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Mark Newman

Desegregating Dixie: The Catholic Church in the South and Desegregation, 1945-1992

In Desegregating Dixie: The Catholic Church in the South and Desegregation, 1945-1992 (UP of Mississippi, 2018), Mark Newman draws on a vast range of archives and many interviews to uncover for the first time the complex response of African American and white Catholics across the South to desegregation. In the late nineteenth and first half of the twentieth century, the southern Catholic Church contributed to segregation by confining African Americans to the back of white churches and to black-only schools and churches. However, in the twentieth century, papal adoption and dissemination of the doctrine of the Mystical Body of Christ, pressure from some black and white Catholics, and secular change brought by the civil rights movement increasingly led the Church to address racial discrimination both inside and outside its walls.

Far from monolithic, white Catholics in the South split between a moderate segregationist majority and minorities of hard-line segregationists and progressive racial egalitarians. While some bishops felt no discomfort with segregation, prelates appointed from the late 1940s onward tended to be more supportive of religious and secular change. Some bishops in the peripheral South began desegregation before or in anticipation of secular change while elsewhere, especially in the Deep South, they often tied changes in the Catholic churches to secular desegregation.

African American Catholics were diverse and more active in the civil rights movement than has often been assumed. While some black Catholics challenged racism in the Church, many were conflicted about the manner of Catholic desegregation generally imposed by closing valued black institutions. Tracing its impact through the early 1990s, Newman reveals how desegregation shook congregations but seldom brought about genuine integration.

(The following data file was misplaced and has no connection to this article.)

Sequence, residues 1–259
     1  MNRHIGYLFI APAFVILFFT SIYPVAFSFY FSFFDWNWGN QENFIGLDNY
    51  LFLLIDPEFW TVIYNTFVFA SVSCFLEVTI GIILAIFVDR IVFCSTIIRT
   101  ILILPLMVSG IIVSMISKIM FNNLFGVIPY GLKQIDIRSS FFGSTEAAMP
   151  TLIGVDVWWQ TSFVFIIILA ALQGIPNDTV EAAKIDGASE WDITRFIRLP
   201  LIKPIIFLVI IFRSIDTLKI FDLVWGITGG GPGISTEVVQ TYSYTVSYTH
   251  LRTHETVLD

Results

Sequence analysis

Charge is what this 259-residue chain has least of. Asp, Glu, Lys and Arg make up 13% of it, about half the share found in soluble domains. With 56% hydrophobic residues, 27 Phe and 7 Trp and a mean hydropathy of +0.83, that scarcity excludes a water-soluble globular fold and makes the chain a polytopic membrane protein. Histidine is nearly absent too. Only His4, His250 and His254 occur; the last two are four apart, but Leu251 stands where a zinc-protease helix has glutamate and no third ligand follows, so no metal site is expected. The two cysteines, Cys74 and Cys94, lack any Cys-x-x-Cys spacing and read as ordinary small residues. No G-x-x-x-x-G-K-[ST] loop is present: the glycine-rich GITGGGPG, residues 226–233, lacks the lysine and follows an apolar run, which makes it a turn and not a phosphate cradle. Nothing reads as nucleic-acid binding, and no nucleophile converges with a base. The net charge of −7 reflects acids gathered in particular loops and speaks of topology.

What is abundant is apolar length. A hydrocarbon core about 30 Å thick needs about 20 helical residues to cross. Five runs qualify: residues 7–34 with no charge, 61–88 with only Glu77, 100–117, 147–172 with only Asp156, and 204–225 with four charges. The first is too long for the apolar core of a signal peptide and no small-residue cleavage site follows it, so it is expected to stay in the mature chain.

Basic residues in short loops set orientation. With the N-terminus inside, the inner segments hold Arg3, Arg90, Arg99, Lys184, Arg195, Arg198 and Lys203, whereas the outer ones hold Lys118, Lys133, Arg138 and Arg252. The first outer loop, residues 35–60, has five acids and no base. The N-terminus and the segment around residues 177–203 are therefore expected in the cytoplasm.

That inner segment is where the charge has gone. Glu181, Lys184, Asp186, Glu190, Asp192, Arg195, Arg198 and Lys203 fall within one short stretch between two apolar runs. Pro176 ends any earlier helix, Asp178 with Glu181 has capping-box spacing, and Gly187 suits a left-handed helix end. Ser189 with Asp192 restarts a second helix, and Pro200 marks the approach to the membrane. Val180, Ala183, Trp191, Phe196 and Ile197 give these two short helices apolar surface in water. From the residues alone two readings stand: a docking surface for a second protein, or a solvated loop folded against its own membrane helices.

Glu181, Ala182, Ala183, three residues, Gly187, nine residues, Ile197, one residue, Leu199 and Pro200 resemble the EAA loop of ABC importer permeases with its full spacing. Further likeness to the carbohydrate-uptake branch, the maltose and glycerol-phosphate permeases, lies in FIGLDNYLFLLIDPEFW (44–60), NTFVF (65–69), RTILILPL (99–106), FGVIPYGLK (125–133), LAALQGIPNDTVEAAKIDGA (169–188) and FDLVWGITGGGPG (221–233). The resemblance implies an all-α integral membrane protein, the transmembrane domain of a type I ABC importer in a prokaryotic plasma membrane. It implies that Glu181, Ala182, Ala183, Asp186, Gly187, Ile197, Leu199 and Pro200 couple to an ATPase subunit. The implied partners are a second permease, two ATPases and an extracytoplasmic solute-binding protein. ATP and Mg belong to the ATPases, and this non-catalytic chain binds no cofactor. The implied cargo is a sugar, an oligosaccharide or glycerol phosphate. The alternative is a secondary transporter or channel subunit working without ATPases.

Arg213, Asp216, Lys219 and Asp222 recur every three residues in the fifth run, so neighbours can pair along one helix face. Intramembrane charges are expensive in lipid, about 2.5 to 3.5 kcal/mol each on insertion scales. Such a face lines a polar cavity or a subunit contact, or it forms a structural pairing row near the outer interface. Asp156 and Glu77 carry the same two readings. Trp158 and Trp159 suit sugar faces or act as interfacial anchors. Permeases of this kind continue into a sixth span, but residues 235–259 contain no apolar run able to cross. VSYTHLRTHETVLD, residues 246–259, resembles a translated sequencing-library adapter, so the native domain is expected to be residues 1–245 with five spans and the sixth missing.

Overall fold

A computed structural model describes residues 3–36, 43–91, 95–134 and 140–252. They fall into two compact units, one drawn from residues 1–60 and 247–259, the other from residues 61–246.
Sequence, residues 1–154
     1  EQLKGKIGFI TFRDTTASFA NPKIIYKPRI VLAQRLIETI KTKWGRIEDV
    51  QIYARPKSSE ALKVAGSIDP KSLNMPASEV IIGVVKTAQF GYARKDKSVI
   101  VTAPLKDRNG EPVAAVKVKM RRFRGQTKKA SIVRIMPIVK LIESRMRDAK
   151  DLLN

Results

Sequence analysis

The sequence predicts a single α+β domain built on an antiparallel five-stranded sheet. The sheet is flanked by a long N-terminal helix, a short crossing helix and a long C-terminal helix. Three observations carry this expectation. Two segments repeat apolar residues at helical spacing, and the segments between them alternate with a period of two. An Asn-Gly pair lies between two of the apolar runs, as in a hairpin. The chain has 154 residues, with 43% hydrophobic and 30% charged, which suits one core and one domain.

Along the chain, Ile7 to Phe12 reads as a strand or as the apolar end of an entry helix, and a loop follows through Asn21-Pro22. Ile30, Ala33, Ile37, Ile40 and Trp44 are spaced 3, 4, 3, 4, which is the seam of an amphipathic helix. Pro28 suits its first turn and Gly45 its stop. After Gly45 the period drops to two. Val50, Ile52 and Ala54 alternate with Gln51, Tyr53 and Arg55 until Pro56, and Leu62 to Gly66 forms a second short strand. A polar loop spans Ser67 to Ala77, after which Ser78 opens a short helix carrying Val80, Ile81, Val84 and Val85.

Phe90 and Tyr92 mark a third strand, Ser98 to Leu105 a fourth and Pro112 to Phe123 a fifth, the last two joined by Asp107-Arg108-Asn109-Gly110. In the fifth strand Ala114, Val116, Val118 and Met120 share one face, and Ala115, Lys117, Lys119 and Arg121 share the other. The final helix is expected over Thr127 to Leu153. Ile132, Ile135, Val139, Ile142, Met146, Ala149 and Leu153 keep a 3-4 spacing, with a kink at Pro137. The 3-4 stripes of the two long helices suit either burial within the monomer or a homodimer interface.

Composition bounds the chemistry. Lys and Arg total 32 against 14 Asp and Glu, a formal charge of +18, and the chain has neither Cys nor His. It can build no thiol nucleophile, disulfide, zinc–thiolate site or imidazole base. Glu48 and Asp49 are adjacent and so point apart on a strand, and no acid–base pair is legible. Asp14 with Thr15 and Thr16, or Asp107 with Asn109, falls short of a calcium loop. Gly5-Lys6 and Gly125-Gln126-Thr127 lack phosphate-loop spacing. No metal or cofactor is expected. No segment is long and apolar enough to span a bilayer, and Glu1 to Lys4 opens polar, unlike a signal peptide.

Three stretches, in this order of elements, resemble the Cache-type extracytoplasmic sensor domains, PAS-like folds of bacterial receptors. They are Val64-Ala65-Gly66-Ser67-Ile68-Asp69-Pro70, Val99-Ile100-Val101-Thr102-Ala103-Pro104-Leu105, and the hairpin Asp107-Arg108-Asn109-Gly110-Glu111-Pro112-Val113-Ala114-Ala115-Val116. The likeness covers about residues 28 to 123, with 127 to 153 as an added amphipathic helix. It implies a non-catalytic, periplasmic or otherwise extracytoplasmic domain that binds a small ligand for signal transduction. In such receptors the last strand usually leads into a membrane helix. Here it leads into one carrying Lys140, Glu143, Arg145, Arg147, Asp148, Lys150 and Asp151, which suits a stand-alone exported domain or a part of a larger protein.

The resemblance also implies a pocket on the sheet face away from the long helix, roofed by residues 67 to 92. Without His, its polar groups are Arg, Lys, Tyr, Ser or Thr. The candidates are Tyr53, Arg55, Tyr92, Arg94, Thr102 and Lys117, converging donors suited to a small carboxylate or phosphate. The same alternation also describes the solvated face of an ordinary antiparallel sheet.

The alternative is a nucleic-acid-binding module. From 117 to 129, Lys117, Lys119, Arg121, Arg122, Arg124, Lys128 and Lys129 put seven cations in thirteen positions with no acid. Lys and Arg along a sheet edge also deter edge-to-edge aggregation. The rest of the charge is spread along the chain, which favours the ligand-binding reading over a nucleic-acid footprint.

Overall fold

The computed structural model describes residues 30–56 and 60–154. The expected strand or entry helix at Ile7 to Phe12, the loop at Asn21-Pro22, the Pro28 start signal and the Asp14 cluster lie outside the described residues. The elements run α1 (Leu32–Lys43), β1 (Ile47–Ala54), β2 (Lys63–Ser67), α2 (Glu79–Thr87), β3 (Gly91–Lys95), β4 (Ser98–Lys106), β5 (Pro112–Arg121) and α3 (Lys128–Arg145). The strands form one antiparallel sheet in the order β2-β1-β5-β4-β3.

Winner of the 2020 American Studies Network Book Prize from the European Association for American Studies


Kate Moran

The Imperial Church: Catholic Founding Fathers and United States Empire

Through a fascinating discussion of religion’s role in the rhetoric of American civilizing empire, The Imperial Church: Catholic Founding Fathers and United States Empire (Cornell UP, 2020) undertakes an exploration of how Catholic mission histories served as a useful reference for Americans narrating US settler colonialism on the North American continent and seeking to extend military, political, and cultural power around the world. Katherine D. Moran traces historical celebrations of Catholic missionary histories in the upper Midwest, Southern California, and the US colonial Philippines to demonstrate the improbable centrality of the Catholic missions to ostensibly Protestant imperial endeavors.

Moran shows that, as the United States built its continental and global dominion and an empire of production and commerce in the Gilded Age and Progressive Era, Protestant and Catholic Americans began to celebrate Catholic imperial pasts. She demonstrates that American Protestants joined their Catholic compatriots in speaking with admiration about historical Catholic missionaries: the Jesuit Jacques Marquette in the Midwest, the Franciscan Junípero Serra in Southern California, and the Spanish friars in the Philippines. Comparing them favorably to the Puritans, Pilgrims, and the American Revolutionary generation, commemorators drew these missionaries into a cross-confessional pantheon of US national and imperial founding fathers. In the process, they cast Catholic missionaries as gentle and effective agents of conquest, uplift, and economic growth, arguing that they could serve as both origins and models for an American civilizing empire.